Student jobs are restricted to UC Berkeley students who are registered for the current academic semester, or in the grace period immediately before or after academic semester registration (grace period defined as a semester or summer, whichever is before or after the period of enrollment).

Can a student work over 20 hours per week during the academic year in these positions?

Graduate students are not allowed to work over half-time per week on average over the period of the term, unless a waiver is granted by the Graduate Division.

Campus Jobs: Undergraduate students are allowed to work over half-time per week on average over the period of the term. However, departments should remember that student's primary obligation is to their studies and the number of working hours should take into consideration the student's academic workload.

Work-Study: There is no restriction per federal or state guidelines. However, employers should be aware that students may accrue eligibility for benefits when working at half-time or better during any given payroll period. These benefits must be paid from employer funds only.

How do I post a job listing? Where do I send the listing?

Campus Jobs: Student campus jobs are listed on the Career Center's website via Handshake, the on- and off-campus jobs resource for all UC Berkeley students. Review the Guidelines for UC Berkeley Campus Employers for Handshake registration and job posting information. For any questions, contact the Career Center at 642-0464 or jld@berkeley.edu.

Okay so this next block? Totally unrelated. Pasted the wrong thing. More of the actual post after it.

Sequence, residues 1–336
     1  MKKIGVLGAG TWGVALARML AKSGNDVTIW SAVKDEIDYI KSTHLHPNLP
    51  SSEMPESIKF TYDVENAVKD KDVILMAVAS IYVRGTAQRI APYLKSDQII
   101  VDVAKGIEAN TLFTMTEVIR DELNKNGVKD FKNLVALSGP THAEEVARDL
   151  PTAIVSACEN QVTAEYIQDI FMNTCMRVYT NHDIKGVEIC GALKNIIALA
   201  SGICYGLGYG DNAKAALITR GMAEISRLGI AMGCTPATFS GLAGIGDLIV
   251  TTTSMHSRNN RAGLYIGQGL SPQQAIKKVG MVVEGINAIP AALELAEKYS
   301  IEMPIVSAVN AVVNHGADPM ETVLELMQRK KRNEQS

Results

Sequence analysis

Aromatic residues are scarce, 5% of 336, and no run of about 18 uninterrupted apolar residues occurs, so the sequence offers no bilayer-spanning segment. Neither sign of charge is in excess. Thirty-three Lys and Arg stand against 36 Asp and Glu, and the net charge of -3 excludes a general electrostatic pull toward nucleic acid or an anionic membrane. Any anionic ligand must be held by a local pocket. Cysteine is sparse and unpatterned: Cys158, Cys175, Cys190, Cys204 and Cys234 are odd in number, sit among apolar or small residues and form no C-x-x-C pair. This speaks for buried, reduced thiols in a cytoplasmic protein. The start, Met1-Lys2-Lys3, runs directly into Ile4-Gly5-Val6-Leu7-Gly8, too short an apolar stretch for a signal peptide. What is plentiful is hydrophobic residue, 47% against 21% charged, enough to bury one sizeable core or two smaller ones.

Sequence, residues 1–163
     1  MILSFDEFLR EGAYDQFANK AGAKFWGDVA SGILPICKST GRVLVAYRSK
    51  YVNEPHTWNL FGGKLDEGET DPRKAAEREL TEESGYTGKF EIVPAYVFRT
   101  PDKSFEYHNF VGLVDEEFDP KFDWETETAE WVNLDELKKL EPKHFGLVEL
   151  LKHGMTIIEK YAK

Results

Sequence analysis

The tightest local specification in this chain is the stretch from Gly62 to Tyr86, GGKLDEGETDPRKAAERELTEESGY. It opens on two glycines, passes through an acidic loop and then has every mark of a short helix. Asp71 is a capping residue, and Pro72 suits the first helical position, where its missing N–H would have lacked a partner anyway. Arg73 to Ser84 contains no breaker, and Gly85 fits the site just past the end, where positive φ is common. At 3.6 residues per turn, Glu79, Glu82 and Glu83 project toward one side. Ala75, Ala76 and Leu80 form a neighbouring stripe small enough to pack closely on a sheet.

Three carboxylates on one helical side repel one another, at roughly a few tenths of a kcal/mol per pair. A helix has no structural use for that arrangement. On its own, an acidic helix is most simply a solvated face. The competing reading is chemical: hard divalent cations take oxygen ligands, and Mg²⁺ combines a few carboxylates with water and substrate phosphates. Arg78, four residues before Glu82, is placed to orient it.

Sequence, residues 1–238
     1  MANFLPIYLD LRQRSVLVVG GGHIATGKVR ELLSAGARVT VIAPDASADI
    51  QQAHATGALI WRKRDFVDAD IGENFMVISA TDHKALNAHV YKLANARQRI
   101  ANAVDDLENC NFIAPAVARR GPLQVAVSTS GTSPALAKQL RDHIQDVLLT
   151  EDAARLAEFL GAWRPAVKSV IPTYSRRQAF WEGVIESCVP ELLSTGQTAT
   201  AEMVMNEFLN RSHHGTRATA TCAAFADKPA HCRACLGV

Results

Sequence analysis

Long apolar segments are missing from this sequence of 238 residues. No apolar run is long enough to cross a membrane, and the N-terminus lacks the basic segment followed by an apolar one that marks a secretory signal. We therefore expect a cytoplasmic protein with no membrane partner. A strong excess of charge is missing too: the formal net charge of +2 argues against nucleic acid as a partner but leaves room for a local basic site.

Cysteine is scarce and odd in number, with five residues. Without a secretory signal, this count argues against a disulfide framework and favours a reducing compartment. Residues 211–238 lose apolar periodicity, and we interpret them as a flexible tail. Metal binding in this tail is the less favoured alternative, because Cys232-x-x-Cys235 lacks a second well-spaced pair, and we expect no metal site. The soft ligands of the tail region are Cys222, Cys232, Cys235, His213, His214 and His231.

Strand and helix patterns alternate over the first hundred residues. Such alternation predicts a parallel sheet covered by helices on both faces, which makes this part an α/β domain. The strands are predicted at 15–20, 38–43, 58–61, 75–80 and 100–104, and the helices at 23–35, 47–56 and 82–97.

Work-Study Campus Jobs: Job requests may be posted online. Go to the Work-Study website and follow the instructions to obtain an employer ID and password. Jobs may be listed, modified or purged at your convenience. For questions, contact the Work-Study Office at 642-5625.

How do I find out what comparable rates of pay exist for similar student jobs elsewhere on campus?

The normal hiring salary is within the range for comparable staff work, and normally the entry salary is at the lower end of that range, unless there are unusual skills, knowledge, ability, or experience that supports a higher level. If there are no comparable campus positions, contact your departmental compensation consultant.

How do I get a new position classified into the correct level?

Students should be placed in an appropriate Student Assistant level based upon the nature of the work, level of assignment, and complexity of the work performed. The four Student Assistant levels have been previously mapped to staff titles based on these criteria. Look up the title that most closely fits the nature of the student's work and find the comparable Student Assistant level. If the nature of the student's work does not fit any of the titles that have been mapped, call Human Resources Compensation Unit (642-2799) for assistance.

What do I use for a job title?

Campus Jobs: Please use the appropriate Student Assistant series level title for all official paperwork purposes. (e.g.- use "Assistant I" rather than Clerk, "Assistant II" rather than Senior Clerk/Secretary, "Assistant III" rather than Resident Advisor). You can also use a working title to help advertise for the position opening and to describe the position to applicants if the working title is more descriptive of the work.

Work Study Jobs: In the case of a student continuing employment from a previous period, refer to the former working title. Use the "Assistant I, II, III, or IV" title that is appropriate. In the case of a new student, use the same working position title as was used when hiring students in previous similar employment. Again, find the appropriate "Assistant I, II, III, or IV" title at the above website.

What is the purpose of the Student Assistant series?